Posts Tagged ‘Textures’

Dark SF Textures – Set 2

Monday, May 31st, 2010

This is my second set of textures with a dark science-fiction theme (think ‘Quake’, or similar games). Lots of metal plates and piping, and a few lights and control boxes thrown in. All the textures are 512 x 512, and you can view them all at the Texture Gallery.

To buy this set, either visit the main store in-world, or the XstreetSL page:

XstreetSL Page

Main Store

Texture Galleries

Sunday, May 16th, 2010

It’s always been difficult to provide a good way of letting people preview a texture set before they buy it. I put samples of the textures on the Xstreet pages, but these only show a few textures, and tend to load slowly (possibly because of the amount of traffic that the Xstreet servers are dealing with). I have vendors in-world which display all the textures, but this being Second Life it can take quite a while for them to rez, so going through an entire set can be tedious.

Well, I now have an alternative, in the form of Texture Galleries on this web site. You should see a list of the Galleries down the left-hand side of this page. Each gallery will display a set of thumbnails. Hover your mouse over any thumbnail, and the full-size image will be displayed. Click the thumbnail to be taken directly to the Xstreet page for that texture set.


Medieval Textures and Farmhouse

Saturday, May 8th, 2010

Not one, but two new releases. They are closely related though — one is a set of Medieval Village textures, and the other is a Medieval Farmhouse which makes use of some of those textures.

The Medieval Village texture set consists of 34 textures, including both transparent and non-transparent versions of the four textures which incorporate windows. (The Farmhouse uses the non-transparent versions, in case you were wondering).

Note: These are the same textures that were freebies in the recent TextureMania hunt. The only difference is that the thatch texture has been replaced, and the transparent windows have been added.

The farmhouse is a small prefab, only 22 prims, and covering 16m x 16m, so it should fit comfortably even inside a small 512m parcel (unless it is a very oddly shaped parcel).

A few samples:

As usual, they are available in-world at the main store, and on-line on the Xstreet website:

Templar Creations Main Store (look outside for the Medieval Farmhouse)

XStreet – Medieval Village Textures
XStreet – Medieval Farmhouse

Exhibition Hall Textures – Set 1

Monday, May 3rd, 2010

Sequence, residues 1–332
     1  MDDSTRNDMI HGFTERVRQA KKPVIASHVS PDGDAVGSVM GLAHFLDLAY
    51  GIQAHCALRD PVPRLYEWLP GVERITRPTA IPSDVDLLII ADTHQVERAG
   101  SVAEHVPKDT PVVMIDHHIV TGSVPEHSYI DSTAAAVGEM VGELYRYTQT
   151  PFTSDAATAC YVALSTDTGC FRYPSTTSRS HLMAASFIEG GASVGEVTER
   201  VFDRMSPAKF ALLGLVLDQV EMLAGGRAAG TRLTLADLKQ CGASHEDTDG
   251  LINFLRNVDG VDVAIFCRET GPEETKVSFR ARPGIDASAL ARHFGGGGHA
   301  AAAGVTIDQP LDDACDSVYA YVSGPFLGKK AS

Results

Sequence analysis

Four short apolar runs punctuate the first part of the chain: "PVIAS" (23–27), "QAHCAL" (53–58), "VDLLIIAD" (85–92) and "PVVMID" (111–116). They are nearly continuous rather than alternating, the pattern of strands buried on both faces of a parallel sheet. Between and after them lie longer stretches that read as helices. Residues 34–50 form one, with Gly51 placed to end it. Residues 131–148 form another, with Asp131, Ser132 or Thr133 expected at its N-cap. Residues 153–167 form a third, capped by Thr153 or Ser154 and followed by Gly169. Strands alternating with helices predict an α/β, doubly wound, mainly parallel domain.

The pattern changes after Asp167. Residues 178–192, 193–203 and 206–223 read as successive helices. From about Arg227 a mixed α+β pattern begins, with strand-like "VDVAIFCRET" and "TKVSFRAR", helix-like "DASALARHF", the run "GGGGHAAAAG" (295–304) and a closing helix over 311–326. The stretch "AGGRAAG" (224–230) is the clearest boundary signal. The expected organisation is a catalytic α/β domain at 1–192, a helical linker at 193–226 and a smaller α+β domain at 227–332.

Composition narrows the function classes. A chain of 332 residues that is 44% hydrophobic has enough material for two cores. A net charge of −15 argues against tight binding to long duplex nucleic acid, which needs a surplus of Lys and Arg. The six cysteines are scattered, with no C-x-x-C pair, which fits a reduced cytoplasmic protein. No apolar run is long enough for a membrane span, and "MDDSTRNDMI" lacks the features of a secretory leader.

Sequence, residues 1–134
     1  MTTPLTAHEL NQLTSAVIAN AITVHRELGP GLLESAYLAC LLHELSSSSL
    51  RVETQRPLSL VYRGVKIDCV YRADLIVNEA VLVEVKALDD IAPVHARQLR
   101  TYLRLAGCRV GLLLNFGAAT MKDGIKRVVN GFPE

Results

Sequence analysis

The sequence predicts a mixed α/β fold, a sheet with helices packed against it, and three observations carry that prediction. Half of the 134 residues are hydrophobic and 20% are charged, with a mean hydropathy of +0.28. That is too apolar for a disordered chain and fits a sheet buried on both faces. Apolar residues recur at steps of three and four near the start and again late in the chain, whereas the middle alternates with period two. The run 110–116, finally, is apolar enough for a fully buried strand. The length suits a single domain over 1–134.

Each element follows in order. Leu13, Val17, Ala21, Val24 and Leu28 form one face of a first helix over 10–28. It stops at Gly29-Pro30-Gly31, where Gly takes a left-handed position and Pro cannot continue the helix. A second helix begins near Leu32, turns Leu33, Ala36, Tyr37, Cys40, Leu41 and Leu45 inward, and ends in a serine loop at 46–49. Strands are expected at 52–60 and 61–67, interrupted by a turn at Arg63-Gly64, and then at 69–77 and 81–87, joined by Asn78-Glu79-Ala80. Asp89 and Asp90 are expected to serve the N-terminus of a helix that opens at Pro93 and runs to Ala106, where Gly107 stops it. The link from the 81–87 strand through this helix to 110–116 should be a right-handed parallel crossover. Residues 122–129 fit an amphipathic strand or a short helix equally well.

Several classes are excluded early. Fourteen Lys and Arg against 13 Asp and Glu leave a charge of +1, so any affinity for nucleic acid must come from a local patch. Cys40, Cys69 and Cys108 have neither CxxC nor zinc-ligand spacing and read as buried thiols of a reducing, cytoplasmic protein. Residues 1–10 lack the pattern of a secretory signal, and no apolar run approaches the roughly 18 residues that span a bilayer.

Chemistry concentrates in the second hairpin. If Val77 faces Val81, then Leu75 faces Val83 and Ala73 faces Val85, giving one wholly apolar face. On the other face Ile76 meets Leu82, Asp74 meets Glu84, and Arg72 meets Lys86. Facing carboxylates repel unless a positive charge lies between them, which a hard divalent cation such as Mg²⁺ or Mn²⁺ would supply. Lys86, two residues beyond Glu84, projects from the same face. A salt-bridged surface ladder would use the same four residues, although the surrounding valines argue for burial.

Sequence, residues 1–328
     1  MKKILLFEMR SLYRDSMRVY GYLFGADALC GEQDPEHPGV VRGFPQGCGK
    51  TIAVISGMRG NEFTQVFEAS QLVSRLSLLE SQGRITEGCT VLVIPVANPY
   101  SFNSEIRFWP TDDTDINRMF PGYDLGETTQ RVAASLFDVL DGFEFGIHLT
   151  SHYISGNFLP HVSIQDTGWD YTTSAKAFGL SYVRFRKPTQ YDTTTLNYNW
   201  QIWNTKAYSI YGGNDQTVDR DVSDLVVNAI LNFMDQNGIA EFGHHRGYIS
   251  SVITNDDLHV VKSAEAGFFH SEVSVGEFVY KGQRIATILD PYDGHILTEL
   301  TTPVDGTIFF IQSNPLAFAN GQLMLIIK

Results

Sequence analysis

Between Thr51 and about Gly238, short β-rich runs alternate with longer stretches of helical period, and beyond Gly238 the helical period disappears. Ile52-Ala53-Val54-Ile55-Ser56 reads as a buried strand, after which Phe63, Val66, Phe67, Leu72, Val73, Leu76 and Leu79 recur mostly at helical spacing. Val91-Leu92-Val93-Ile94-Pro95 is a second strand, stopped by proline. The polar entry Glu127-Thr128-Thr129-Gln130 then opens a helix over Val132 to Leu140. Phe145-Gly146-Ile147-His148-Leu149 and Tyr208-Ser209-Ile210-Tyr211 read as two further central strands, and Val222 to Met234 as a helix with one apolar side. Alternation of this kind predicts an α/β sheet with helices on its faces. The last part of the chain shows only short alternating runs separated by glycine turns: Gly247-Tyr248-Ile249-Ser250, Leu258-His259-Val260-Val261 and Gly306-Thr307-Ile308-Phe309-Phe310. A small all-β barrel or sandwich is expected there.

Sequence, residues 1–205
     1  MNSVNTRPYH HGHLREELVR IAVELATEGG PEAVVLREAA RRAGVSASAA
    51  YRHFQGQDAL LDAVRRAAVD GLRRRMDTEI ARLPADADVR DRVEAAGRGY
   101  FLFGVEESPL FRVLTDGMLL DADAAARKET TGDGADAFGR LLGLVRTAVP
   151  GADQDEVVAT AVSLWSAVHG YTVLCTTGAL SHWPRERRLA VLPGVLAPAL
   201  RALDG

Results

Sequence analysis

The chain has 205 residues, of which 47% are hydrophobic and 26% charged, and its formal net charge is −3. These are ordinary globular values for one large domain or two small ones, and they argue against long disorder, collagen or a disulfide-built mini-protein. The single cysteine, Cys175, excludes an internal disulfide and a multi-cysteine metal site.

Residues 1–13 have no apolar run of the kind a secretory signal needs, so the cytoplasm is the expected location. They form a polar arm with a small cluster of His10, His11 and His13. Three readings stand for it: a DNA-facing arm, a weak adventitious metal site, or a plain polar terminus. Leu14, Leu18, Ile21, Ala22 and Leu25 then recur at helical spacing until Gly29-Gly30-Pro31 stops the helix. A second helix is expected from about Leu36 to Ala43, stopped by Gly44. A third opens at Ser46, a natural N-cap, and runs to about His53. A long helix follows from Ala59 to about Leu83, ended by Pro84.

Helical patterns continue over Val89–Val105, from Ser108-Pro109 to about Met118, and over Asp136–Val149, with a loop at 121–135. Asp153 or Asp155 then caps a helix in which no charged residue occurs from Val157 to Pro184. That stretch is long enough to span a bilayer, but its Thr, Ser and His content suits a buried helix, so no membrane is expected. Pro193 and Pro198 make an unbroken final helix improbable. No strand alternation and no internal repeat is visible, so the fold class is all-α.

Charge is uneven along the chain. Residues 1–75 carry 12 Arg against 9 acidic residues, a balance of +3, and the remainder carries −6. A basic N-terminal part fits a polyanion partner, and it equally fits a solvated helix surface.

I recently completed a small commission project, building an exhibition hall for the Geneva Motor Show:

I created a number of textures specifically for this, and I’ve taken these and improved them a bit (I think!), added some additional ones, and am now releasing them as a new texture set.

Here’s a few samples, and an example of them in use:

As usual, you’ll find them on XStreet, and in-world at the Main Store:

XStreet Page

Templar Creations Main Store

Victorian Interiors – Set 1, Take 2

Tuesday, April 27th, 2010

An explanation and an announcement

Charity Tearfall posted a brief, complimentary review of the Victorian Interior textures on XstreetSL (thanks!), but suggested that it would be good if the windows were transparent.

Well, she’s right, it’s always useful for windows to be transparent!

Unfortunately, and as you are probably aware if you are a resident, Second Life has certain ‘issues’ with transparency, especially if one transparent texture is in front of another (and especially if they are slightly at an angle). There’s more about this in a previous blog post of mine, if you want the gory technical details. (Scroll down that post to read about “the dreaded Z-order bug”).

These days the situation has been made worse by the fact that many (most?) of the recent hairstyles in Second Life make use of transparency. I’m sure you’ve seen the odd effects which happen when these hairstyles get in front of windows or other transparent prims.

For that reason I’ve started avoiding transparency whenever I can.

But other builders in Second Life might (and obviously do!) have different views on this. So for them I’ve released a second version of the Victorian Interiors texture set, this time with transparent windows.

As usual, you will find it in-world at the Templar Creations store:

Templar Creations Main Store

You’ll also find it on XStreetSL, here:

Victorian Interiors – Set 1 – with Transparent Windows

And if you are in search of the original set, with opaque windows, you’ll find that here:

Victorian Interiors – Set 1

I hope that’s transparent enough…

Victorian Interior Textures – Set 1

Saturday, April 10th, 2010

A new texture set! This time it’s a collection of 30 wall textures in a Victorian style, suitable for the Victorian gentleperson at home, or for Steampunk inventors in search of a stylish interior for their latest vehicle!

Victorian Interiors, sample 2

Victorian Interiors, samples 2

As usual, you can get the texture set from XStreetSL, or in-world at the Templar Creations store.

Templar Creations Main Store

XStreetSL: Victorian Interior Textures – Set 1

Building Blocks Hunt

Sunday, February 28th, 2010